Sterling (GBP) Weekly Outlook: Two Steps Forward, One Step Back

The British Pound continues to move slowly higher but COVID-19 headwinds are becoming increasingly tougher to push through. Sterling hit levels against the US dollar last seen back in April 2018, while EUR/GBP hit and broke and noted multi-month support low. The moves look to be reasonably well underpinned and further, small, gains are likely over the next few weeks although progress may be slow.

With Brexit in the rear mirror, Sterling is becoming increasingly dictated to by various coronavirus scenarios, and to a certain extent, economic data. The UK vaccination program is progressing with great speed and over 5 million doses have now been given, which is well on the way to the government’s target of 13 million by mid-February. This positive news is keeping Sterling bid and counteracting the negatives coming from the high infection and fatalities figures. As long as the vaccination plan keeps to target, Sterling will retain an underlying bid.

The latest UK PMI data showed the current weakness of the UK economy with the services index falling further into contraction territory, while the overall picture was also worse than market expectations and at an eight-month low. The numbers point to a double-dip recession in the UK.

Sterling (GBP) Weekly Outlook: Two Steps Forward, One Step Back

The UK economic calendar is fairly sparse next week with only the October employment change, November average earnings, and December claimant count change – all out on Tuesday, January 26 – to keep traders interested.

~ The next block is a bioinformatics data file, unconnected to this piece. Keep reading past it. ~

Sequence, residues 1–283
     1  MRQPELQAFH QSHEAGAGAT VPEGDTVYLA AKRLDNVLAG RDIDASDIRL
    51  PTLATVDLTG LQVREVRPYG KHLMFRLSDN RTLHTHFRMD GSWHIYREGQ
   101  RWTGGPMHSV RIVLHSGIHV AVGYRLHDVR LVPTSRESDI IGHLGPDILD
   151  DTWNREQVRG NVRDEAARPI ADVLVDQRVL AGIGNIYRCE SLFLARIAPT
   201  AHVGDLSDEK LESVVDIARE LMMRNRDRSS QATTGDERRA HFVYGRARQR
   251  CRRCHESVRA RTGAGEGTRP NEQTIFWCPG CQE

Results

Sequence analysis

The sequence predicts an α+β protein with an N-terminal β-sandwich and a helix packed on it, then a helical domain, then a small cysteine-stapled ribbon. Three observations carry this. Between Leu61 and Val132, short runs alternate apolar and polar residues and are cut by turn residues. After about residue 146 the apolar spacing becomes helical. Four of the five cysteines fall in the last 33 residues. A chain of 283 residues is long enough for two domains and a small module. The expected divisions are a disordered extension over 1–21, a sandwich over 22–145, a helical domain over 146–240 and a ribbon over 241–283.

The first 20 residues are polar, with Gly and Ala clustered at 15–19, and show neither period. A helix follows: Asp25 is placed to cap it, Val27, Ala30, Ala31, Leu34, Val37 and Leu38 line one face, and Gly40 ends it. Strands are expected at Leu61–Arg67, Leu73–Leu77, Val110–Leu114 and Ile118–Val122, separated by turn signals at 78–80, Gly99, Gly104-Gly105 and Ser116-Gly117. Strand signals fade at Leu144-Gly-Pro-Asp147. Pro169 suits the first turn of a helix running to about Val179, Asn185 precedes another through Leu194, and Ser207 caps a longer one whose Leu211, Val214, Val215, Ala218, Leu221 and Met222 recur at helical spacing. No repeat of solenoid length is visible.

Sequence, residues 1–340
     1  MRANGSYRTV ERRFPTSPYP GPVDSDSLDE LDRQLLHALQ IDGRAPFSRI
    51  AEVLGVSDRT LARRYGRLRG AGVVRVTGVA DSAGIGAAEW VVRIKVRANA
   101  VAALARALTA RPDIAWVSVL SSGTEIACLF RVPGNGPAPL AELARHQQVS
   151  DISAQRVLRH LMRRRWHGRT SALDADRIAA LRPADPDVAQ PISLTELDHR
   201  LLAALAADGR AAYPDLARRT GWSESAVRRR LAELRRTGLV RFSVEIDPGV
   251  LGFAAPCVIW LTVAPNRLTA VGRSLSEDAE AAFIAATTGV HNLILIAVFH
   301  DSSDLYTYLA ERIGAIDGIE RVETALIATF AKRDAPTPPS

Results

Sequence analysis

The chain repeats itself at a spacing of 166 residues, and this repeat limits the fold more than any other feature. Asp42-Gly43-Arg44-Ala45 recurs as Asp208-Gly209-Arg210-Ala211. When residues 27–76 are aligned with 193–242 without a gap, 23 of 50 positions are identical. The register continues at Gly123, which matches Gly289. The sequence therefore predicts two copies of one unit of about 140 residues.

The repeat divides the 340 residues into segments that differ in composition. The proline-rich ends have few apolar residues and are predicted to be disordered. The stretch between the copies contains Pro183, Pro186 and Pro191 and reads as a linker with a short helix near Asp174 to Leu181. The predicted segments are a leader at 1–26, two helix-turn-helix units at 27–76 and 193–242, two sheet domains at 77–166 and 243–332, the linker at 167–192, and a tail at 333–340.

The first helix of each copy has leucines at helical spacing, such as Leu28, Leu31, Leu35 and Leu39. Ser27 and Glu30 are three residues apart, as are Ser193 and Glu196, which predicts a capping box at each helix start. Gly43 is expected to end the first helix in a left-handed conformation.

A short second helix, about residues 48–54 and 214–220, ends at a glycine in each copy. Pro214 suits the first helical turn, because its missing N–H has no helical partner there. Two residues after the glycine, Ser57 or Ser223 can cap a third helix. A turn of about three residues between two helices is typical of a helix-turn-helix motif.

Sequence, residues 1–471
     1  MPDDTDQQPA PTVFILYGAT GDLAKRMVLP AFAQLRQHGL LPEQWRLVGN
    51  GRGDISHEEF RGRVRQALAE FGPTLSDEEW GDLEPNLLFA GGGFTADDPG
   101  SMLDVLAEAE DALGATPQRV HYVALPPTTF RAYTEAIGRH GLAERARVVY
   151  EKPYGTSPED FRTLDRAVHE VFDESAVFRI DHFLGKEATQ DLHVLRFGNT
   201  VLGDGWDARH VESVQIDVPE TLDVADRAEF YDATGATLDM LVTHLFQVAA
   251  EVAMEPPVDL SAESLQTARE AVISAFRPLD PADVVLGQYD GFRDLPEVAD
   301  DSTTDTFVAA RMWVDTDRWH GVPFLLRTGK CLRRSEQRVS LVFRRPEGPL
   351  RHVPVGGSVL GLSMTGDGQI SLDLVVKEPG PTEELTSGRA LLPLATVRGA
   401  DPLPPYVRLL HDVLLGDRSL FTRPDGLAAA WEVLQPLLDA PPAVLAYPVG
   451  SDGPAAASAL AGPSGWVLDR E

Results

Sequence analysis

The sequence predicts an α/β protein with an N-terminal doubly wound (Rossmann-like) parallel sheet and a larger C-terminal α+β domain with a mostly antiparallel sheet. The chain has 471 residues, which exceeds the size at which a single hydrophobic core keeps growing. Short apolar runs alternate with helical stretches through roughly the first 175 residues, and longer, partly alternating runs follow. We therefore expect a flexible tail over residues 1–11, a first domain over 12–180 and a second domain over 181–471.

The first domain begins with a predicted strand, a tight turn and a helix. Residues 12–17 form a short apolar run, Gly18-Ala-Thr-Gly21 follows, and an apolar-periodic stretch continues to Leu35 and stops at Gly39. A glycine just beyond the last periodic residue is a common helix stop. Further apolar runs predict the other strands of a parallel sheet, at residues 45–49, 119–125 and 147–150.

The daily GBP/USD chart shows the positive trend since mid-September last year. The pair trade above all three moving averages, a positive technical set-up, and with notably higher lows made over the last few months.

GBP/USD DAILY PRICE CHART (JUNE – JANUARY 22, 2021)

(Click on image to enlarge)

Sterling (GBP) Weekly Outlook: Two Steps Forward, One Step Back

IG client sentiment data show 38.85% of traders are net-long with the ratio of traders short to long at 1.57 to 1.We typically take a contrarian view to crowd sentiment, and the fact traders are net-short suggests GBP/USD prices may continue to rise.Yet traders are less net-short than yesterday and compared with last week. Recent changes in sentiment warn that the current GBP/USD price trend may soon reverse lower despite the fact traders remain net-short. 

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